Evaluating Arts and Cultural Projects
This course explores the processes and practices by which arts and cultural projects are evaluated. The course begins by considering the social and political factors that mean it is increasingly expected that art and cultural projects should be evaluated. The focus will then shift to the practicalities of designing a project evaluation, from logic modelling the theory of change, through to selecting methods, establishing a base line, generating, and evaluating data, and producing a project evaluation report.
- Our staff have real world experience of evaluating cultural projects.
- Our staff have developed tools and frameworks that can be used to evaluate cultural projects.
- We have been teaching courses in arts and cultural management for over twenty years.
Who is this course for?
This course is relevant for anyone whose role requires them to conduct and/or commission cultural project evaluations but has had little or no training in what makes a 'good' evaluation. It would also be suitable for those seeking to develop the skills necessary for them to conduct project evaluations on a freelance or consultancy basis.
What will I learn on the course?
On this course you will learn about:
- some of the factors that make evaluating arts and cultural projects so challenging;
- what a theory of change is and how to develop one;
- different methods and tools that you can uses to conduct a qualitative evaluation of an arts project;
- the ethical considerations of conducting evaluations and
- ways to communicate the findings of your evaluation.
By the end of the course what will I be able to do?
- Critically reflect on the challenges of evaluating small scale cultural project and how to overcome these.
- Create a theory of change for a small-scale cultural project.
- Discuss the pros and cons of different qualitative methods of data generation.
- Make decisions about the best ways to evaluate a small-scale cultural project.
- Design a project evaluation for a small-scale cultural project.
How long does the course last for and how much time will I need to spend on it each week?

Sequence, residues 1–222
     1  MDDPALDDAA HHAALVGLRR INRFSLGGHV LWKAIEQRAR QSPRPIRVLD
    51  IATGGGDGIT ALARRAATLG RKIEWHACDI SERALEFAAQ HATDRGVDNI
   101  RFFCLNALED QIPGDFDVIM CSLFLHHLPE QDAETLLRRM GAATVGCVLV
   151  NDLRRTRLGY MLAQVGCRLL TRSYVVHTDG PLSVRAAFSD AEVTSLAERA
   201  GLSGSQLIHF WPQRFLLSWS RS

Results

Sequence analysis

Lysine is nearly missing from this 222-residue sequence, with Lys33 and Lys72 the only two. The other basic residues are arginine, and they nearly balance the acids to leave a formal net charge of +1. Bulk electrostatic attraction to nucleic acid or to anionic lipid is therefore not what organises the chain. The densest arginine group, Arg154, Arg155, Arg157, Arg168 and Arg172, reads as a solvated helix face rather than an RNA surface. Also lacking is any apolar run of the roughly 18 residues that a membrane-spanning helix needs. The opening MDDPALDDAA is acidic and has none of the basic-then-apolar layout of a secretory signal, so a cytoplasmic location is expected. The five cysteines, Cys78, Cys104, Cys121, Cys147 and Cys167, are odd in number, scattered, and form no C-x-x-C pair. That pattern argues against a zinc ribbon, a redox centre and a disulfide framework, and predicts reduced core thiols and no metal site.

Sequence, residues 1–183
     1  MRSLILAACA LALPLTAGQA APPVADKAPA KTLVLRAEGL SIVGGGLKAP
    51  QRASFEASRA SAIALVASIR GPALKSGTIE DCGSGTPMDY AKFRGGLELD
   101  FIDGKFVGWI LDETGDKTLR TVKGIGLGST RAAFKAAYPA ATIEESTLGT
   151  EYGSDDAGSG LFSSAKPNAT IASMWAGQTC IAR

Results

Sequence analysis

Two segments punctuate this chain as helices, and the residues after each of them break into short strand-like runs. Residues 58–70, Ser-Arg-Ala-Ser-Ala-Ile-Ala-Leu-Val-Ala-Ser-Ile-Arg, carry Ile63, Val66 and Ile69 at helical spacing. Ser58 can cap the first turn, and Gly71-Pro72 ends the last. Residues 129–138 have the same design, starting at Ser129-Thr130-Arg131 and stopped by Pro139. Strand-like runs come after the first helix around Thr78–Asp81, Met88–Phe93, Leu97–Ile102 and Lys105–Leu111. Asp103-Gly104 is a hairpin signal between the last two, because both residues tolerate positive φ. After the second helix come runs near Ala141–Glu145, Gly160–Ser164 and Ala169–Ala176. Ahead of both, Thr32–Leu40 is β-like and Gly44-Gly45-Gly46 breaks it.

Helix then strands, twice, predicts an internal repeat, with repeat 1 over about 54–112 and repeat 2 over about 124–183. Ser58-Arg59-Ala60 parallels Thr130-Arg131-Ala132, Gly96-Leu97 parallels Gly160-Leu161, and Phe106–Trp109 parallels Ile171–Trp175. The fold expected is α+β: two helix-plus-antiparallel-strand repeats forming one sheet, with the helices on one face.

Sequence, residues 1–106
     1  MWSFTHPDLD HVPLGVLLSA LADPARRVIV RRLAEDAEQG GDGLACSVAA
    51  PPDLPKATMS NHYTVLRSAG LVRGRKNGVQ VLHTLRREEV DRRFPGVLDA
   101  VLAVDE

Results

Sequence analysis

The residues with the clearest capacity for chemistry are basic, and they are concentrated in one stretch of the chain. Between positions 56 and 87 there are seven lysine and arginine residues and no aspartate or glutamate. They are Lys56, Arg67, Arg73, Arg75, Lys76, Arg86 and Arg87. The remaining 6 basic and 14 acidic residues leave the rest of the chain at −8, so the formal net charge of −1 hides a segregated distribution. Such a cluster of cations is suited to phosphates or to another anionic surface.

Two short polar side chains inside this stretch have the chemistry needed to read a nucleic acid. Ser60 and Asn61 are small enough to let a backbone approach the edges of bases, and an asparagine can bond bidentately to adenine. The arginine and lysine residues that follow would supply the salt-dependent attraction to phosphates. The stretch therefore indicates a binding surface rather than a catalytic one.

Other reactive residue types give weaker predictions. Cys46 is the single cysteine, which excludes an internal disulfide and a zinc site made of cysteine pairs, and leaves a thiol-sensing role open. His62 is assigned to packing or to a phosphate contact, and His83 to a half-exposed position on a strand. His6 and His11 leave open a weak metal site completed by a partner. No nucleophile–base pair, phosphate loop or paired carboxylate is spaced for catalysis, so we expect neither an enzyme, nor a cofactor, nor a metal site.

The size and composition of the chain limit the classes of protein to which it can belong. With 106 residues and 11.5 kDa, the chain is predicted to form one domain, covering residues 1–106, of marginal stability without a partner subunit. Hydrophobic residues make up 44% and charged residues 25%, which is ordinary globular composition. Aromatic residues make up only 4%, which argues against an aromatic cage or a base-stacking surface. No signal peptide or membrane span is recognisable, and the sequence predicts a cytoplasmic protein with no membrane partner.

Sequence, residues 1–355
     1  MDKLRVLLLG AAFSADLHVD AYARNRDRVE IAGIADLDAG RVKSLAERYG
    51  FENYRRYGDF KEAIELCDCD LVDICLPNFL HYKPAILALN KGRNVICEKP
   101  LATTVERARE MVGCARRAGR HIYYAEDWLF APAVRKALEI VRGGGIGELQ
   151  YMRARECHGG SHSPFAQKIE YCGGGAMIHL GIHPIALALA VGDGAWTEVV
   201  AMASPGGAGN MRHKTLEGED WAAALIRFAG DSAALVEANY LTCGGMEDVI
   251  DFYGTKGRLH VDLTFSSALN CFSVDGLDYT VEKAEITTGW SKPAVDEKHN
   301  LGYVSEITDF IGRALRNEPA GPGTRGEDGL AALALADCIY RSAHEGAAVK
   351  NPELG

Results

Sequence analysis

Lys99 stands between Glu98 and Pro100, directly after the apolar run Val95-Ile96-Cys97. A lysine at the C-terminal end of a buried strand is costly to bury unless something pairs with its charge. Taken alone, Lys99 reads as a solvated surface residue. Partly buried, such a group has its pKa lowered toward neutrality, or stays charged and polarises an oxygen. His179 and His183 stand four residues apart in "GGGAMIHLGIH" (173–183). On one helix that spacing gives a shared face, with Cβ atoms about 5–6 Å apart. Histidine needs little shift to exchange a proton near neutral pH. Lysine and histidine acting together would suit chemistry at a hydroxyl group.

The course is delivered over a 15-week semester. During that time, you will attend four on-campus, half day workshops. In addition, you will be expected to attend four hours of online seminars, and to be spending around 2-3 hours a week on associated reading and completing your assignment.
How will I be taught?
You will be taught on-campus at QMU and online.
Does the course have an assessment and if so what sort of assessment will it be?
The assignment for this course requires you to create a 3000-word proposal for how to evaluate a cultural project alongside a 1000-word critical reflection on the challenges of evaluating projects in this sector.
Who will be teaching me?
The course will be delivered by Alice McGrath and Professor David Stevenson.
What equipment will I need for this course?
You will require access to a computer or laptop, internet connectivity and a webcam.
Student support/access to facilities
For the duration of your course you will be able to make use of our on-campus learning resource centre as well as access to our full range of online resources, including e-books and academic journals.
You will also have limited, mainly online access to Student Services support. Students with particular support requirements can contact the Disability Service at email@example.com
As you will be studying with us for less than a full academic year you will not be provided with a personal academic tutor (PAT). However, any queries regarding your studies should be directed to the staff member leading the delivery of your course.
The course is delivered at Master’s level and each applicant must decide if the level of study is suitable for them.
Applicants for Master’s level study would usually hold an undergraduate degree or have relevant professional experience that supports study at this level. Applicants that have previously studied outside the UK should check that their qualification has been taught at a suitable level to prepare them for Master’s level study.
You do not need to provide proof of your previous qualifications.
English Language requirements – This programme is taught and assessed in English. Applicants do not need to provide proof of their English Language skills when applying for this course, but all applicants should consider whether they have sufficient English competence to study at this level.
Applicants for this level of study would usually be able to demonstrate a level of English equivalent to IELTS 6.5 overall, with no component score below 6.0
Fees (and free places)
Free places are available for any person resident in Scotland, who holds an undergraduate degree (or equivalent professional experience), who is not currently studying for a degree level qualification, and meets at least one of the criteria below:
- unemployed or at risk of redundancy
- self-employed and working within the creative and cultural industries or hospitality, tourism, and events sector
- employed by a Scottish arts, cultural, hospitality, tourism, or events organisation
- employed by a Scottish charity or social enterprise
The deadline for application is 22 December 2022.
View the full range of our Arts, Social Sciences and Management short courses.